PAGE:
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[Until this opinion appears in the Ohio Official Reports advance sheets, it may be cited as State ex rel. Rogers v. Dept. of Rehab. & Corr., Slip Opinion No. 2018-Ohio-5111.] NOTICE This slip opinion is subject to formal revision before it is published in an advance sheet of the Ohio Official Reports. Readers are requested to promptly notify the Reporter of Decisions, Supreme Court of Ohio, 65 South Front Street, Columbus, Ohio 43215, of any typographical or other formal errors in the opinion, in order that corrections may be made before the opinion is published. SLIP OPINION NO. 2018-OHIO-5111 THE STATE EX REL. ROGERS v. DEPARTMENT OF REHABILITATION AND CORRECTION. [Until this opinion appears in the Ohio Official Reports advance sheets, it may be cited as State ex rel. Rogers v. Dept. of Rehab. & Corr., Slip Opinion No. 2018-Ohio-5111.] Mandamus—Public-records law—Definition of infrastructure record or security record under R.C. 149.433 not satisfied—Writ granted—Statutory damages, attorney fees, and court costs awarded. (No. 2017-0331—Submitted April 10, 2018—Decided December 20, 2018.) IN MANDAMUS. _______________ KENNEDY, J. {¶ 1} In this original action, relator, Cor-re-don Rogers, seeks a writ of mandamus to compel respondent, Ohio Department of Rehabilitation and Correction (“DRC”), to release security-camera video footage related to a use-offorce incident at Marion Correctional Institution (“MCI”). Rogers also seeks an award of statutory damages, attorney fees, and court costs. Because we hold that SUPREME COURT OF OHIO the requested record is neither an “infrastructure record” nor a “security record” under R.C. 149.433, we grant the writ of mandamus and order DRC to provide Rogers with an unredacted copy of the requested video. We further order DRC to reimburse Rogers for the court costs he paid to commence this original action, and we grant Rogers’s request for attorney fees and statutory damages. We deny as moot DRC’s motion for a protective order. I. Background A. Public-records request {¶ 2} On February 15, 2017, Rogers, a DRC employee at MCI, sent a public-records request by electronic and certified mail to Pamela Shaw, administrative assistant to the warden at MCI. The request was for “any and all videos related to the following: 1. November 10, 2015 Use of Force Event involving Officer Shiffer and Lieutenant Byrd and Inmate Wilt (also referred to as a ‘secondary Use of Force’ on page 3 of Captain Straker’s November 20, 2015 Investigation Summary Use of Force).” (Boldface and capitalization omitted.) On the same day, Shaw responded with an e-mail stating that the request was denied because “[t]he record of the security video cameras * * * is exempt from public record disclosure as both an infrastructure record and a security record, as set forth in RC 149.433(B) and Ohio Administrative Code 5120-9-49(B)(6) and (B)(7).” Shaw further stated that the requested video “discloses the configuration of the department’s critical systems, including security systems. The record also contains specific camera placement information that is directly used for protecting or maintaining the security of the department against attack, interference, sabotage, or to prevent, mitigate, or respond to acts of terrorism.” B. Procedural History {¶ 3} On March 7, 2017, Rogers filed a complaint for a writ of mandamus alleging that DRC wrongly denied him timely access to the requested record in violation of R.C. 149.43(B). After mediation efforts were unsuccessful, DRC filed 2 January Term, 2018 an answer to the complaint. On November 1, 2017, we granted an alternative writ and ordered DRC to file unedited copies of the withheld video under seal. 151 Ohio St.3d 1423, 2017-Ohio-8371, 84 N.E.3d 1061. DRC complied with the order, and the parties submitted a joint stipulation of facts. In addition, Rogers submitted as evidence his own affidavit, the affidavit of his attorney, James J. Leo, and copies of DRC’s responses to Rogers’s discovery requests. DRC submitted as evidence the affidavits of David Bobby, Northwest Regional Director for DRC, and Trevor Clark, DRC Assistant Chief Counsel. C. Description of sealed evidence {¶ 4} The camera that created the video at issue is in plain view. The video is continuous, soundless, and runs for two minutes and 28 seconds. The entire useof-force incident is less than one minute of the video. II. Legal Analysis A. Mandamus and the Public Records Act {¶ 5} Mandamus is an appropriate remedy to compel compliance with Ohio’s Public Records Act. See R.C. 149.43(C)(1)(b). To be entitled to the writ, Rogers must demonstrate that he has a clear legal right to the requested relief and that DRC has a clear legal duty to provide the relief. State ex rel. Cincinnati Enquirer v. Sage, 142 Ohio St.3d 392, 2015-Ohio-974, 31 N.E.3d 616, ¶ 10. We consider the merits of Rogers’s claim under the standard of clear and convincing evidence, which is understood as that measure or degree of proof which is more than a mere “preponderance of the evidence,” but not to the extent of such certainty as is required “beyond a reasonable doubt” in criminal cases, and which will produce in the mind of the trier of facts a firm belief or conviction as to the facts sought to be established. 3 SUPREME COURT OF OHIO Cross v. Ledford, 161 Ohio St. 469, 120 N.E.2d 118 (1954), paragraph three of the syllabus; see State ex rel. Cincinnati Enquirer v. Deters, 148 Ohio St.3d 595, 2016Ohio-8195, 71 N.E.3d 1076, ¶ 19 (under the Public Records Act, a relator must prove, by clear and convincing evidence, his or her entitlement to relief in mandamus). {¶ 6} R.C. 149.43(B)(1) requires a public office to make copies of public records available to any person upon request, within a reasonable period of time. A “public record” is a record “kept by any public office,” including state offices. R.C. 149.43(A)(1). Because MCI is a public institution operated by a state agency, it qualifies as a “public office.” See R.C. 149.011(A). The state policy underlying the Public Records Act is that “open government serves the public interest and our democratic system.” State ex rel. Dann v. Taft, 109 Ohio St.3d 364, 2006-Ohio1825, 848 N.E.2d 472, ¶ 20. To that end, the public-records statute “must be construed ‘liberally in favor of broad access, and any doubt is resolved in favor of disclosure of public records.’ ” State ex rel. School Choice Ohio, Inc. v. Cincinnati Pub. School Dist., 147 Ohio St.3d 256, 2016-Ohio-5026, 63 N.E.3d 1183, ¶ 12, quoting State ex rel. Cincinnati Enquirer v. Hamilton Cty., 75 Ohio St.3d 374, 376, 662 N.E.2d 334 (1996). B. Claimed exceptions—security and infrastructure records {¶ 7} DRC must produce the video to Rogers unless it proves that the video fits within one of R.C. 149.43’s specific exceptions or the general exception for “[r]ecords the release of which is prohibited by state or federal law,” R.C. 149.43(A)(1)(v). See also Sage at ¶ 11. Exceptions to the Public Records Act “must be strictly construed against the public-records custodian, and a records custodian bears the burden of establishing the applicability of an exception.” State ex rel. Physicians Commt. for Responsible Medicine, 108 Ohio St.3d 288, 2006Ohio-903, 843 N.E.2d 174, at ¶ 28. To meet its burden, the records custodian must 4 January Term, 2018 prove that the requested records “fall squarely within the exception.” State ex rel. Cincinnati Enquirer v. Jones-Kelley, 118 Ohio St.3d 81, 2008-Ohio-1770, 886 N.E.2d 206, ¶ 10. {¶ 8} DRC asserts that the video is not a public record because it qualifies as an infrastructure record and a security record, both of which are stated exceptions to the definition of a “public record,” and therefore is not subject to release or disclosure under R.C. 149.43. R.C. 149.433(B)(1) and (2). 1. Infrastructure records {¶ 9} An “infrastructure record” is “any record that discloses the configuration of critical systems including, but not limited to, communication, computer, electrical, mechanical, ventilation, water, and plumbing systems, security codes, or the infrastructure or structural configuration of a building.” R.C. 149.433(A). Importantly, an infrastructure record “does not mean a simple floor plan that discloses only the spatial relationship of components of the building.” Id. {¶ 10} DRC contends that the video is an infrastructure record because “videos in [DRC] institutions * * * can and often do disclose the configuration of critical systems, including, but not limited to, security protocols and the infrastructure or structural configuration of the institution.” The critical systems that DRC identifies as being compromised by providing this video to the public include “secure fence alarms [and] entrance and exit security procedures.” DRC adds that “not only do the security videos in [DRC] institutions disclose other critical systems, but the network of security cameras itself is a critical system.” Further, DRC contends that “the scope and camera angles of the videos show various aspects of the infrastructure of the respective institutions, and are a window into what is not captured by the camera.” {¶ 11} DRC’s argument notwithstanding, we hold that the video in question is not an infrastructure record under R.C. 149.433(A). The definition of “infrastructure record” explicitly excludes “a simple floor plan that discloses only 5 SUPREME COURT OF OHIO the spatial relationship of components of the building.” R.C. 149.433(A). The video at issue here captures a portion of the Dorm 6 East hallway at MCI. The video shows the junction where another hallway meets the Dorm 6 East hallway and shows windows, doors, and vents in the Dorm 6 East hallway. These individual components of the hallway show “only the spatial relationship of components of the building” that would be revealed in a simple floor plan. Therefore, the video is not an infrastructure record. {¶ 12} Further, in order for the video to qualify as an infrastructure record under R.C. 149.433(A), it must disclose the configuration of a critical system. DRC claims that the video discloses the configuration or “network of security cameras” within MCI and that it therefore satisfies the definition of an infrastructure record. However, the video does not reveal the location of any video cameras other than the one that recorded the incident at issue. Nor does it show the location of any fire or other alarms, correctional-officer posts, or the configuration of any other critical system. The disclosure of windows, doors, and vents in the Dorm 6 East hallway falls far short of disclosing the underlying configuration of a critical system. {¶ 13} Accordingly, DRC has not met its burden to show that the video “falls squarely within the exception” for infrastructure records under R.C. 149.433(A). See Jones-Kelley, 118 Ohio St.3d 81, 2008-Ohio-1770, 886 N.E.2d 206, at ¶ 10. 2. Security records {¶ 14} DRC also argues that the video is exempt from disclosure because it is a security record. R.C. 149.433(B)(1) provides that a “record kept by a public office that is a security record is not a public record under [R.C. 149.43] and is not subject to mandatory release or disclosure under that section.” A “security record” includes “[a]ny record that contains information directly used for protecting or maintaining the security of a public office against attack, interference, or sabotage,” or that is “assembled, prepared, or maintained by a public office * * * to prevent, 6 January Term, 2018 mitigate, or respond to acts of terrorism.” R.C. 149.433(A)(1) and (2). This includes the “portions of records containing specific and unique vulnerability assessments or specific and unique response plans either of which is intended to prevent or mitigate acts of terrorism, and communication codes or deployment plans of law enforcement or emergency response personnel.” R.C. 149.433(A)(2)(a). {¶ 15} In another recent public-records case, we held that records documenting direct threats against the governor kept by the Department of Public Safety met the definition of “security records” under R.C. 149.433(A). State ex rel. Plunderbund Media v. Born, 141 Ohio St.3d 422, 2014-Ohio-3679, 25 N.E.3d 988, ¶ 30. However, we cautioned that the exception must be proved in each case: This is not to say that all records involving criminal activity in or near a public building or concerning a public office or official are automatically “security records.” The department and other agencies of state government cannot simply label a criminal or safety record a “security record” and preclude it from release under the public-records law, without showing that it falls within the definition in R.C. 149.433. Id. at ¶ 29. And when a public office claims an exception based on risks that are not apparent within the records themselves, the office must provide more than conclusory statements in affidavits to support its claim. See State ex rel. Besser v. Ohio State Univ., 89 Ohio St.3d 396, 400-401, 732 N.E.2d 373 (2000). {¶ 16} DRC contends that it is “the content that is captured in the security video footage—the capabilities and vulnerabilities of [DRC’s] security protocols— 7 SUPREME COURT OF OHIO which renders the records exempt from public disclosure.” DRC Northwest Regional Director Bobby states that “[s]ecurity videos—particularly those that capture a response to a use of force incident—show the institution’s plan of attack and security features that the institution has in place so that the disturbance can be interrupted as quickly and safely as possible.” DRC reasons that “[p]ublic dissemination of the areas of Ohio prisons that are not capable of being monitored by security video would allow nefarious acts of violence to occur outside the security camera’s scope.” {¶ 17} In support of its argument, DRC relies upon a recent decision of the Supreme Court of New Jersey holding that “the broad brush of compelled release under [New Jersey’s public-records law], on demand for any or no reason, of the Township’s security system’s surveillance videotape product, revealing its capabilities and vulnerabilities, is contrary to the legislative intent motivating [the statute’s] exemptions based on security concerns.” Gilleran v. Bloomfield Twp., 227 N.J. 159, 149 A.3d 800, 811 (2016). The portion of the public-records law reviewed by the court in Gilleran exempts from disclosure “ ‘information which is deemed to be confidential’ ” including “ ‘emergency or security information or procedures for any buildings or facility which, if disclosed, would jeopardize security of the building or facility or persons therein’ ” and “ ‘security measures and surveillance techniques which, if disclosed, would create a risk to the safety of persons, property, electronic data or software.’ ” Id. at 807, quoting N.J.Stat.Ann. 47:1A-1.1. The Gilleran court held that the video recording requested was within New Jersey’s public-records law’s exception for security records and thus not subject to public access. DRC urges us to hold, similarly, that video recordings from cameras located within and around DRC-owned institutions are categorically excepted from disclosure under Ohio’s Public Records Act. {¶ 18} However, Gilleran does not control the outcome here. The security exception in the New Jersey public-records law specifically exempts “surveillance 8 January Term, 2018 techniques” from disclosure, and the Ohio Public Records Act does not. As the Gilleran court observed, the New Jersey security-record exception broadly “preclud[es] disclosure of a category of information, specifically reaching records that reveal ‘security measures and surveillance techniques’ so as not to place at risk the safety of property, which includes public buildings, and people.” Id. at 808. Moreover, we previously had the opportunity to construe the security exception as creating a categorical bar in Plunderbund and chose not to do so. 141 Ohio St.3d 422, 2014-Ohio-3679, 25 N.E.3d 988, at ¶ 29. {¶ 19} DRC has not met its burden to show that the requested video falls squarely within the security-record exception codified in R.C. 149.433(B). First, the evidence it offers to support the applicability of the claimed exception pales in comparison to the evidence we considered in Plunderbund. Here, DRC has provided only two affidavits, one of which merely concludes that “it is [DRC] policy that security videos within correction institutions are not public records, and are therefore not disclosed in response to public records requests.” The Bobby affidavit contains more information regarding the applicability of the exception, yet even his testimony is general and insufficient to meet DRC’s burden in this case. Beyond these bare allegations, DRC has not attempted to explain how the video recording at issue actually constitutes “information directly used for protecting or maintaining the security of a public office against attack, interference, or sabotage,” or was “assembled, prepared, or maintained by a public office * * * to prevent, mitigate, or respond to acts of terrorism.” R.C. 149.433(A)(1) and (2). {¶ 20} Even if the video at issue had been properly withheld as a security record when requested, “[a]n initial correct withholding of a record as a security record under R.C. 149.433(A)(1) does not establish the exception in perpetuity.” Gannett GP Media, Inc. v. Ohio Dept. of Pub. Safety, Ct. of Cl. No. 2017-00051PQ, 2017-Ohio-4247, ¶ 32. In the context of public-records requests, we “consider the facts and circumstances existing at the time that [we make our] determination 9 SUPREME COURT OF OHIO on a writ of mandamus, not at some earlier time.” State ex rel. Quolke v. Strongsville City School Dist. Bd. of Edn., 142 Ohio St.3d 509, 2015-Ohio-1083, 33 N.E.3d 30, ¶ 29. {¶ 21} DRC has not provided evidence showing, for instance, that this 2015 video recording is being used in a current investigation regarding the incident depicted in it or that the video discloses any current security response plans or other protocols. And the video footage Rogers has requested is from a single video camera on a specified day and time and does not contain any information as to the network of cameras operating in and around the prison. In short, DRC has not offered any analysis as to why the video requested in this case fits squarely within the exception. And as we made clear in Plunderbund, every record claimed under the security-record exception to disclosure must be considered separately. For these reasons, we hold that the requested video is not a security record under R.C. 149.433(A) and thus not exempt from disclosure under R.C. 149.43. {¶ 22} In conclusion, DRC has not met its burden to show that the requested video is exempt from disclosure as either an infrastructure record or a security record. Accordingly, we grant Rogers’s request for a writ of mandamus and order DRC to release the unedited video, and we order DRC to reimburse Rogers for the court costs he paid to file this original action. R.C. 149.43(C)(3)(a)(i) (“If the court orders the public office or the person responsible for the public record to comply with division (B) of this section, the court shall determine and award to the relator all court costs, which shall be construed as remedial and not punitive”). C. Statutory Damages {¶ 23} R.C. 149.43(C)(2) provides for an award of statutory damages to a requester of public records when a court determines that the public office failed to comply with an obligation to provide access to the records. It states that a requester 10 January Term, 2018 who makes a written request by hand delivery or certified mail1 to the public office and is wrongfully denied public records “shall” be entitled to statutory damages of $100 per business day—“beginning with the day on which the requester files a mandamus action to recover statutory damages, up to a maximum of one thousand dollars.” R.C. 149.43(C)(2) provides that “[t]he award of statutory damages shall not be construed as a penalty, but as compensation for injury arising from lost use of the requested information. The existence of this injury shall be conclusively presumed.” This court has defined a “conclusive presumption” as “an inference which the law makes so peremptory that it may not be overcome by any contrary proof, however strong.” State ex rel. Walker v. Clark, 144 Ohio St. 305, 311, 58 N.E.2d 773 (1944). {¶ 24} R.C. 149.43(C)(2) starts with the statement that a requester who successfully brings a mandamus action is entitled to statutory damages. A court may reduce the award or decide to not award statutory damages if it determines both of the following: (a) That, based on the ordinary application of statutory law and case law as it existed at the time of the conduct or threatened conduct of the public office or person responsible for the requested public records that allegedly constitutes a failure to comply with an obligation in accordance with division (B) of this section and that was the basis of the mandamus action, a well-informed public office or person responsible for the requested public records reasonably would believe that the conduct or threatened conduct of the public 1 The current version of R.C. 149.43(C)(2) includes requests made by “electronic submission.” The version of R.C. 149.43 in effect at the time Rogers made his public-records request and filed his complaint in early 2017, 2016 Sub.H.B. No. 471, is the same as the current version for all other relevant purposes. 11 SUPREME COURT OF OHIO office or person responsible for the requested public records did not constitute a failure to comply with an obligation in accordance with division (B) of this section; (b) That a well-informed public office or person responsible for the requested public records reasonably would believe that the conduct or threatened conduct of the public office or person responsible for the requested public records would serve the public policy that underlies the authority that is asserted as permitting that conduct or threatened conduct. R.C. 149.43(C)(2). {¶ 25} We decline to reduce Rogers’s statutory-damages award. In order to satisfy the reduction factor in R.C. 149.43(C)(2)(a), the court would have to conclude that “based on the ordinary application of statutory and case law as it existed at the time of” the failure to produce the records, “a well-informed public office or person responsible for the requested public records reasonably would believe” that the failure to produce the records “did not constitute a failure to comply with an obligation” under R.C. 149.43(B) to produce public records. As demonstrated above, there was no statutory or precedential force behind DRC’s arguments that the security footage was an exception to the definition of a “public record” as a security record under R.C. 149.433(B)(1) or as an infrastructure record under R.C. 149.433(B)(2). {¶ 26} The statutory definition of “infrastructure record” specifically excludes “a simple floor plan that discloses only the spatial relationship of components of the building,” R.C. 149.433(A), which is the only information relevant to the layout of the prison revealed in the video. Furthermore, to be considered an infrastructure record under R.C. 149.433(A), the video must disclose the “configuration of critical systems.” DRC claims that the video discloses the 12 January Term, 2018 configuration or “network of security cameras” within MCI and that it therefore satisfies the definition of an infrastructure record. However, the video does not reveal the location of any video cameras other than the one that recorded the incident at issue. Information about one video camera by definition does not reveal the configuration of the entire system of video cameras. {¶ 27} Additionally, DRC’s argument that the video is a security record as defined in R.C. 149.433(A)(1) and (2) is not reasonable. DRC submitted conclusory affidavits claiming the exception should apply and relied upon a decision from an out-of-state court, the Supreme Court of New Jersey, interpreting a significantly different statute, for the proposition that the video footage from cameras located within and around DRC-owned institutions is categorically exempted from disclosure under Ohio’s Public Records Act. {¶ 28} “Exceptions to disclosure under the Public Records Act are strictly construed against the public-records custodian, and the custodian has the burden to establish the applicability of an exception. A custodian does not meet this burden if it has not proven that the requested records fall squarely within the exception.” (Citations omitted.) State ex rel. Miller v. Ohio State Hwy. Patrol, 136 Ohio St.3d 350, 2013-Ohio-3720, 995 N.E.2d 1175, ¶ 23. Given that this is the standard, no reasonable public office should have believed that the security footage in this case qualified for the R.C. 149.433 exceptions to the definition of a public record. {¶ 29} DRC did not act as a reasonable public office when it relied on the exceptions in R.C. 149.433(B) for infrastructure records and security records to support withholding the records this court now orders produced. A well-informed person responsible for the records would have known that there was no justification under public-records law to hold back the security-camera footage sought by Rogers. {¶ 30} Therefore, since any reduction in statutory damages requires the satisfaction of both R.C. 149.43(C)(2)(a) and (b), the inapplicability of R.C. 13 SUPREME COURT OF OHIO 149.43(C)(2)(a) means that statutory damages must be awarded pursuant to R.C. 149.43(C)(2). Since statutory damages are awarded at a rate of $100 per business day measured from the filing of the mandamus complaint until the production of the records sought, and since more than ten days passed between those two dates in this case, we award Rogers the statutory maximum of $1,000 in statutory damages. D. Attorney fees {¶ 31} This court has recognized that “[o]ne of the salutary purposes of the Public Records Law is to ensure accountability of government to those being governed.” State ex rel. Strothers v. Wertheim, 80 Ohio St.3d 155, 158, 684 N.E.2d 1239 (1997). “Inherent in Ohio’s Public Records Law is the public’s right to monitor the conduct of government.” State ex rel. McCleary v. Roberts, 88 Ohio St.3d 365, 369, 725 N.E.2d 1144 (2000). The expense of litigation can chill the exercise of that right, so R.C. 149.43 recognizes that it is appropriate to award attorney fees to members of the public who pursue litigation to force public offices to release governmental records that are, in fact, public. The availability of attorney fees is a check on a public office’s ability to inappropriately deny a public-records request and choose instead protracted litigation. Ohio’s public-records law “reinforce[s] the understanding that open access to government papers is an integral entitlement of the people, to be preserved with vigilance and vigor.” Kish v. Akron, 109 Ohio St.3d 162, 2006-Ohio-1244, 846 N.E.2d 811, ¶ 17. The availability of attorney fees assists citizens in vigorously enforcing their rights under the law. {¶ 32} The process set forth in R.C. 149.43 controls whether a court awards attorney fees. R.C. 149.43(C)(3)(b) outlines four different triggering events that grant a court discretion to order reasonable attorney fees in a public-records case. The first is when a court, as in this case, renders a judgment ordering the public office to comply with R.C. 149.43(B) and produce the requested record. The second is when the person responsible for the public records failed to respond at all—affirmatively or negatively—to the public records request in a reasonable 14 January Term, 2018 amount of time. R.C. 149.43(C)(3)(b)(i). The third is when “the person responsible for the public records promised to permit the relator to inspect or receive copies of the public records requested within a specified period of time but failed to fulfill that promise within that specified period of time.” R.C. 149.43(C)(3)(b)(ii). Finally, the court may award attorney fees when “the person responsible for the public records acted in bad faith when the * * * person voluntarily made the public records available to the relator for the first time after the relator commenced the mandamus action, but before the court issued any order.” R.C. 149.43(C)(3)(b)(iii). {¶ 33} Here, this court has ordered DRC to produce the records that Rogers seeks, and therefore, this court may award reasonable attorney fees to Rogers pursuant to R.C. 149.43(C)(3)(b) (“If the court renders a judgment that orders the public office * * * to comply with division (B) of this section * * * the court may award reasonable attorney’s fees to the relator * * * ”). {¶ 34} Rogers is eligible for attorney fees subject to the limitation set forth in R.C. 149.43(C)(3)(c)(i) and (ii). Applying factors identical to those allowing a reduction in statutory damages, a court shall not award any attorney fees if it determines both of the following: (1) that based on the law as it existed at the time, a well-informed person responsible for the requested public records reasonably would have believed that the conduct of the public office did not constitute a failure to comply with an obligation of R.C. 149.43(B) and (2) that a well-informed person responsible for the requested public records reasonably would have believed that the conduct of the public office would serve the public policy that underlies the authority that it asserted as permitting that conduct. {¶ 35} As discussed above regarding the statutory-damages-reduction factors in R.C. 149.43(C)(2)(a) and (b), the prohibition against an award of attorney fees that arises under R.C. 149.43(C)(3)(c)(i) and (ii) does not apply because no “well-informed public office * * * reasonably would believe” that the failure to produce the security-camera video complied with the Public Records Act. 15 SUPREME COURT OF OHIO {¶ 36} “When considering whether to award attorney fees in public-records cases, a court may consider the presence of a public benefit conferred by a relator seeking the disclosure and the reasonableness and good faith of a respondent in refusing to disclose.” State ex rel. Cincinnati Enquirer v. Ohio Dept. of Pub. Safety, 148 Ohio St.3d 433, 2016-Ohio-7987, 71 N.E.3d 258, ¶ 53. Regardless of Rogers’s purpose in seeking the security video, there is a public benefit in exposing and rectifying DRC’s attempt to keep evidence of use-of-force events in prisons out of the public eye. If “the way a society treats those who have transgressed against it is evidence of the essential character of that society,” Hudson v. Palmer, 468 U.S. 517, 523-24, 104 S.Ct. 3194, 82 L.Ed.2d 393 (1984), security-camera video documenting guard-prisoner interaction allows us to effectively enter our prisons and receive at least some information about prisoner behavior and prisoners’ treatment by prison personnel. And, as discussed above, we conclude that DRC’s failure to disclose the record Rogers sought was not reasonable. {¶ 37} Therefore, we award Rogers attorney fees in this case. The last part of the statutory process for awarding attorney fees is an application of R.C. 149.43(C)(4), which sets forth four statutory guidelines that apply to “any award of reasonable attorney’s fees awarded under division (C)(3)(b) of this section.” First, “[t]he fees shall be construed as remedial and not punitive.” Second, the fees awarded “shall not exceed the total of the reasonable attorney’s fees incurred before the public record was made available to the relator” and the fees allowed by the third factor. Third, included in the fees allowed are “reasonable fees incurred to produce proof of the reasonableness and amount of the fees and to otherwise litigate entitlement to the fees.” Fourth, the court may order a reduction of attorney fees if “given the factual circumstances involved with the specific public records request, an alternative means should have been pursued to more effectively and efficiently resolve the dispute.” R.C. 149.43(C)(4)(a) through (d). 16 January Term, 2018 {¶ 38} This court will make a final determination of the amount of attorney fees upon review of Rogers’s filing of an itemized application with independent evidence supporting the reasonableness of the hourly rates charged and the hours billed. The four statutory guidelines in R.C. 149.43(C)(4) will aid the court in determining the amount of fees to be awarded. Applying the statutory guidelines in R.C. 149.43(C)(4) for attorney fees, Rogers must demonstrate that he is entitled to an award of fees that is “reasonable” and “remedial.” R.C. 149.43(C)(4)(a). Specifically, the itemized billing statements should only reflect time spent on the public-records request, the mandamus action, and the proof of entitlement to and reasonableness of the fees. R.C. 149.43(C)(4)(b) and (c). DRC is entitled to respond to Rogers’s application, and this court, applying R.C. 149.43(C)(4)(d), could reduce the attorney fees if it found that “an alternative means should have been pursued to more effectively and efficiently resolve the dispute that was subject to the mandamus action.” {¶ 39} Any person submitting an application for attorney fees should note that “fee applications submitted to this court should contain separate time entries for each task, with the time expended on each task denoted in tenths of an hour” and that “this court will no longer grant attorney-fee applications that include blockbilled time entries.” State ex rel. Harris v. Rubino, ___ Ohio St.3d ___, 2018-Ohio5109, ___N.E.3d ___, ¶ 7, 14. E. Motion for protective order {¶ 40} Because we grant Rogers a writ of mandamus, we deny as moot DRC’s motion for a protective order. III. Conclusion {¶ 41} For the foregoing reasons, we grant Rogers’s request for a writ of mandamus, award Rogers $1000 in statutory damages, grant his request for reasonable attorney fees, and order DRC to reimburse Rogers for the court costs he 17 SUPREME COURT OF OHIO paid to file this original action. We deny as moot DRC’s motion for a protective order. Writ granted. O’DONNELL, FRENCH, DEWINE, and DEGENARO, JJ., concur. O’CONNOR, C.J., and FISCHER, J., concur in judgment in part and dissent in part, and would grant the writ and order reimbursement of relator’s court costs, but would not award statutory damages or attorney fees. _________________ James J. Leo, for relator. Michael DeWine, Attorney General, and Thomas Madden and Andrea K. Boyd, Assistant Attorneys General, for respondent. _________________ 18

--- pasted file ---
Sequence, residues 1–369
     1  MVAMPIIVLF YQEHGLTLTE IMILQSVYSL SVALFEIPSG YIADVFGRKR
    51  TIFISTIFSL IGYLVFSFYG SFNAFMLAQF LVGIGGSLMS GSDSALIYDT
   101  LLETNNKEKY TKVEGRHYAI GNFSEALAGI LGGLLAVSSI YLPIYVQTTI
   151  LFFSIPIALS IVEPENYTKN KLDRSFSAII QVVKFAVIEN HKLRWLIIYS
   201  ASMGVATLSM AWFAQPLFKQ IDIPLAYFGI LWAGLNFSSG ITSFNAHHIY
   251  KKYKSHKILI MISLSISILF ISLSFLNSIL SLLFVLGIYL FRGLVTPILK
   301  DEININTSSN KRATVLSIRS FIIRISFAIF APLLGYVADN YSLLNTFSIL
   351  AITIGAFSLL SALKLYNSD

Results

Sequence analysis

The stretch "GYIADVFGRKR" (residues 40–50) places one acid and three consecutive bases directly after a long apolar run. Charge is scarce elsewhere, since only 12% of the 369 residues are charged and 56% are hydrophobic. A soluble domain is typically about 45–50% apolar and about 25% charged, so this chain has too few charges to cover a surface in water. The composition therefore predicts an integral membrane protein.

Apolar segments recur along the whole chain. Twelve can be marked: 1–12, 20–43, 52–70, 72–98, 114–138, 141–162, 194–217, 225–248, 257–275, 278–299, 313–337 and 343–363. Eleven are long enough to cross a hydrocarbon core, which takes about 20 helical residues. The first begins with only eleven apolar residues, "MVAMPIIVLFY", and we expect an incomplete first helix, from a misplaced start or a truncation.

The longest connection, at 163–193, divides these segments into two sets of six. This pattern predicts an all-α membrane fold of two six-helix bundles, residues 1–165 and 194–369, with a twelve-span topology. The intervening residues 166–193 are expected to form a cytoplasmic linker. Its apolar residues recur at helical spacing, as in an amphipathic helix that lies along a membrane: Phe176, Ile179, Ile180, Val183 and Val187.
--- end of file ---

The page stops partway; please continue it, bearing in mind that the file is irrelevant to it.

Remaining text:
Primary Holding

The Supreme Court granted the writ of mandamus sought by Relator seeking to compel the Ohio Department of Rehabilitation and Correction (DRC) to release security-camera video footage related to a use-of-force incident at Marion Correctional Institution, holding that Relator was entitled to the writ and that Relator was further entitled to attorney fees and statutory damages.